I also prefer the <a href="https://en.wikipedia.org/wiki/Median_absolute_deviation">median absolute deviation</a> (MAD) over the standard deviation as a measure of dispersion because it’s more robust in the case of non-parametric distributions.
Numerical hypothesis verification often requires the exact value of the median absolute deviation of the original distribution.
I didn’t find this value in the reference tables, so I decided to do another exercise and derive it myself.
In this post, you will find a short derivation and the result (spoiler: the exact value is <code>0.767049251325708 * β</code>).
The general approach of the MAD derivation is common for most distributions, so it can be easily reused.</p>Weighted quantile estimatorshttps://aakinshin.net/posts/weighted-quantiles/Tue, 29 Sep 2020 00:00:00 +0000https://aakinshin.net/posts/weighted-quantiles/<p><strong>Update 2021-07-06:
the approach was updated using the <a href="https://aakinshin.net/posts/kish-ess-weighted-quantiles/">Kish’s effective sample size</a>.</strong></p>
<p>In this post, I will show how to calculate weighted quantile estimates and how to use them in practice.</p>
<p>Let’s start with a problem from real life.
Imagine that you measure the total duration of a unit test executed daily on a CI server.
Every day you get a single number that corresponds to the test duration from the latest revision for this day:</p>
<div class="row">
<div class="mx-auto">
<a href="https://aakinshin.net/posts/weighted-quantiles/img/moving1-light.svg" target="_blank" class="imgldlink" alt="moving1">
<picture>
<source
theme='dark'
srcset="https://aakinshin.net/posts/weighted-quantiles/img/moving1-dark.svg"
media="(prefers-color-scheme: dark)">
<source
theme='light'
srcset="https://aakinshin.net/posts/weighted-quantiles/img/moving1-light.svg"
media="(prefers-color-scheme: light), (prefers-color-scheme: no-preference)">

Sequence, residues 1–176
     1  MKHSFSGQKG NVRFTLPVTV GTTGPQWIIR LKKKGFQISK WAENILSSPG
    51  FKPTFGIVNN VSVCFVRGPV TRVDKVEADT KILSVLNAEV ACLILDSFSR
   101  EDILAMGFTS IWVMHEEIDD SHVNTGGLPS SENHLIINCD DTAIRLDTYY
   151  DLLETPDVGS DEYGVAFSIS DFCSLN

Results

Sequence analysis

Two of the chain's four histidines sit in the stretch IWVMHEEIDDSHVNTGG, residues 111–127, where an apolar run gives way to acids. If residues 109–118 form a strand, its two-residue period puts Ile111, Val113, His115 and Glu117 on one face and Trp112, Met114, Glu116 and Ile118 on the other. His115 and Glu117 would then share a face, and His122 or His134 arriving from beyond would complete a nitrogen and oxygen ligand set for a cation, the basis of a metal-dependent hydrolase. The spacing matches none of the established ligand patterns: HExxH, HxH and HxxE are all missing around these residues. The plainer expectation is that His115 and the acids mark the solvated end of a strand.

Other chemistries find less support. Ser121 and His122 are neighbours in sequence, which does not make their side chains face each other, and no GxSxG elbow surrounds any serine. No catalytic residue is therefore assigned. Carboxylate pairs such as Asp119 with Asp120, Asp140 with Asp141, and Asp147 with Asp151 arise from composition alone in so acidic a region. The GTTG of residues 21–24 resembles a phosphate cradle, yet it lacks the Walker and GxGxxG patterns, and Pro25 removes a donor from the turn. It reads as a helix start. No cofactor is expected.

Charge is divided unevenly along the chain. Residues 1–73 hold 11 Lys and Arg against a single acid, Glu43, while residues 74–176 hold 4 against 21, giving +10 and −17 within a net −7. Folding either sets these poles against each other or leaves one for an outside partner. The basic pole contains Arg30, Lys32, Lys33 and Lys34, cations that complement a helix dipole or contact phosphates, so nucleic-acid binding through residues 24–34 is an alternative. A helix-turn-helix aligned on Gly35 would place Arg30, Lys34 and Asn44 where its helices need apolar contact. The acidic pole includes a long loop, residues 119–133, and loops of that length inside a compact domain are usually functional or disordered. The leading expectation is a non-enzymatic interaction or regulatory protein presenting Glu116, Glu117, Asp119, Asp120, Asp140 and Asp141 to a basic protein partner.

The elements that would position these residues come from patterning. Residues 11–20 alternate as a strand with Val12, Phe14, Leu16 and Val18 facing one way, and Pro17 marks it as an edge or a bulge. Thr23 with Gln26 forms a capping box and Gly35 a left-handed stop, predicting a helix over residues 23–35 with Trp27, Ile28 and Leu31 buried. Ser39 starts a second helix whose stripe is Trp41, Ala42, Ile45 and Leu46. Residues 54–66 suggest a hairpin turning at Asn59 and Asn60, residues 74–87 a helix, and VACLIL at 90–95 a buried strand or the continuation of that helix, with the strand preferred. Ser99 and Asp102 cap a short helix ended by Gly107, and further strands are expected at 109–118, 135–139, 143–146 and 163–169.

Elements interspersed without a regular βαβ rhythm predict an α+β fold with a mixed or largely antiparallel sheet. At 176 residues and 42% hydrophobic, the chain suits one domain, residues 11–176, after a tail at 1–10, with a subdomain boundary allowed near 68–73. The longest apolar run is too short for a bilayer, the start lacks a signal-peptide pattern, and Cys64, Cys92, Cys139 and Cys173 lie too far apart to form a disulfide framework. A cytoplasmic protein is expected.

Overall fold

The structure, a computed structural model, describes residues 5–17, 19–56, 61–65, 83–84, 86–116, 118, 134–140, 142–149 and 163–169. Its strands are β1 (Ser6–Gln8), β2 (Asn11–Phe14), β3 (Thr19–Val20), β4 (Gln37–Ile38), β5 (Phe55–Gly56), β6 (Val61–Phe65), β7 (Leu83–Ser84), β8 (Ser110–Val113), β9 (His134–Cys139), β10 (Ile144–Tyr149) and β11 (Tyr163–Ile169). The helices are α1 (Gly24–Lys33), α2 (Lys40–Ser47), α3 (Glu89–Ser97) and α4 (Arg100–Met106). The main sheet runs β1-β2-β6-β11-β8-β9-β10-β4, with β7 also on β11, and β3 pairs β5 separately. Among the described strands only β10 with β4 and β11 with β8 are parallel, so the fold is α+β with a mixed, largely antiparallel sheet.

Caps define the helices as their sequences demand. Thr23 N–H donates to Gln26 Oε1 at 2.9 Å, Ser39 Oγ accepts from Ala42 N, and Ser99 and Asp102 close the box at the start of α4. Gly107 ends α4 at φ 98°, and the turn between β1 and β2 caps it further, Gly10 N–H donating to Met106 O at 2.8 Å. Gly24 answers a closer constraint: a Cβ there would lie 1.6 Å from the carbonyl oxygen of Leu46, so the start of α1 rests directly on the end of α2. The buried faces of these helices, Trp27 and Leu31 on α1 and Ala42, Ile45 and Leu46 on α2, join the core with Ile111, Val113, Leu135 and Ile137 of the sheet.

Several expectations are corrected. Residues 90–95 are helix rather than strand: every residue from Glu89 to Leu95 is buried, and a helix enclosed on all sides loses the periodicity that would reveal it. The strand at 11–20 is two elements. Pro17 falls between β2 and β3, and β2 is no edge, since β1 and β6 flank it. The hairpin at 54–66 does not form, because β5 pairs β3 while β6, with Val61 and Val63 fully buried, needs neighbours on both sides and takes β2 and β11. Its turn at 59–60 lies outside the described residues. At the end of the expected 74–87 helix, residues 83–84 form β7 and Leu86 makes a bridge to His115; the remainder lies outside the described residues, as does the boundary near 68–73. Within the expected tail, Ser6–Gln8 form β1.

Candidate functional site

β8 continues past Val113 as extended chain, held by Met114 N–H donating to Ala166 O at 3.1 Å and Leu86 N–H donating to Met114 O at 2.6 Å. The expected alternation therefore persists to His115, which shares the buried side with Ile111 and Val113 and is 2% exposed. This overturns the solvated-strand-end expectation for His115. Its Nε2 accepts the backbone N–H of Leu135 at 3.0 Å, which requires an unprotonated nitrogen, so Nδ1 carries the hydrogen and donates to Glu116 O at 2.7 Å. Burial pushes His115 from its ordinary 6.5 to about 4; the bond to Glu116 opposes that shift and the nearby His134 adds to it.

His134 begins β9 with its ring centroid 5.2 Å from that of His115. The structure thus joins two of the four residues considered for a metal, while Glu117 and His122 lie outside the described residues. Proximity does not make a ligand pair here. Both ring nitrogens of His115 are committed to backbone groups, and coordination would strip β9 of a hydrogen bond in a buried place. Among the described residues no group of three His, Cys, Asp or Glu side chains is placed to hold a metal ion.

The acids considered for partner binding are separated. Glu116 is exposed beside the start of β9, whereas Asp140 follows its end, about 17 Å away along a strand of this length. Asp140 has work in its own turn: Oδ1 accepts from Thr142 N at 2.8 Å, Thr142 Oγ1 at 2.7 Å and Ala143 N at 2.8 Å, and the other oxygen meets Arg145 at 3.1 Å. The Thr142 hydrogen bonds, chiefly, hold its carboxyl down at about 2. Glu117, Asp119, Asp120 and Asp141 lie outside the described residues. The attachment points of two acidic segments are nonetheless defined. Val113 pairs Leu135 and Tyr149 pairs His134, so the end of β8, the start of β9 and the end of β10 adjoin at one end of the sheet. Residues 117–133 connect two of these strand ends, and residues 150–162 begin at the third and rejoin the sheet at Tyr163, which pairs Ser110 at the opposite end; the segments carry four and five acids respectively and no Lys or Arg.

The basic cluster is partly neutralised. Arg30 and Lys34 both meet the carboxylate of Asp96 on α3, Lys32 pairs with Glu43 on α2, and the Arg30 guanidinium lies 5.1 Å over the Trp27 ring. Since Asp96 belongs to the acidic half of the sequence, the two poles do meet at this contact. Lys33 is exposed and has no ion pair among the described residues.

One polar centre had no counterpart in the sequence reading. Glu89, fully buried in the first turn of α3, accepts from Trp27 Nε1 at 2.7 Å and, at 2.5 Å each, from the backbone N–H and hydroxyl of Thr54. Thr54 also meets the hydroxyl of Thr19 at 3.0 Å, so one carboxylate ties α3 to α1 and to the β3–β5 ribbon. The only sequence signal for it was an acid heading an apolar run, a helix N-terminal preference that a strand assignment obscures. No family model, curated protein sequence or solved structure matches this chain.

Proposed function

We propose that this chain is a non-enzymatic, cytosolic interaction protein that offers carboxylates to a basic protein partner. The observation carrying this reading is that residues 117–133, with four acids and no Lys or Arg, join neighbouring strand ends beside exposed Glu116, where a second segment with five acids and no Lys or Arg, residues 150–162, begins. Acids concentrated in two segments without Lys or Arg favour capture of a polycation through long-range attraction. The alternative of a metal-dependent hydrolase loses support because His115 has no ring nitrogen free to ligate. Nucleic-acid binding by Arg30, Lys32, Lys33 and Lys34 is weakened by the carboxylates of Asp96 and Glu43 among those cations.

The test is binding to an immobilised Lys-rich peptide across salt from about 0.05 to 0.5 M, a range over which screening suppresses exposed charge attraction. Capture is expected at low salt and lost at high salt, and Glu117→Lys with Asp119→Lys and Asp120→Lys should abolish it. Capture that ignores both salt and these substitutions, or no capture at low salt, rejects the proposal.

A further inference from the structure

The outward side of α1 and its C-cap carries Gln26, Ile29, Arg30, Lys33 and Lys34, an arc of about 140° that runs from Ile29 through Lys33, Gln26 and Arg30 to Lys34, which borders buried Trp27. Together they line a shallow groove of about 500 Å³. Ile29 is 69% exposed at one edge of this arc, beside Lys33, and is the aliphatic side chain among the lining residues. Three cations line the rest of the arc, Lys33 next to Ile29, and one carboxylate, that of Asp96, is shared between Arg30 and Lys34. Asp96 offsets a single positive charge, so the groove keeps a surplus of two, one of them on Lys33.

<img
class="mx-auto d-block img-fluid"
width='600'
src="https://aakinshin.net/posts/weighted-quantiles/img/moving1-light.svg">
</picture>
</a>
</div>
</div>
<br />
<p>You collect a history of such measurements for 100 days.
Now you want to describe the “actual” distribution of the performance measurements.</p>
<p>However, for the latest “actual” revision, you have only a single measurement, which is not enough to build a distribution.
Also, you can’t build a distribution based on the last N measurements because they can contain change points that will spoil your results.
So, what you really want to do is to use all the measurements, but older values should have a lower impact on the final distribution form.</p>
<p>Such a problem can be solved using the weighted quantiles!
This powerful approach can be applied to any time series regardless of the domain area.
In this post, we learn how to calculate and apply weighted quantiles.</p>Nonparametric Cohen's d-consistent effect sizehttps://aakinshin.net/posts/nonparametric-effect-size/Thu, 25 Jun 2020 00:00:00 +0000https://aakinshin.net/posts/nonparametric-effect-size/<p><strong>Update: the second part of this post is available <a href="https://aakinshin.net/posts/nonparametric-effect-size2/">here</a>.</strong></p>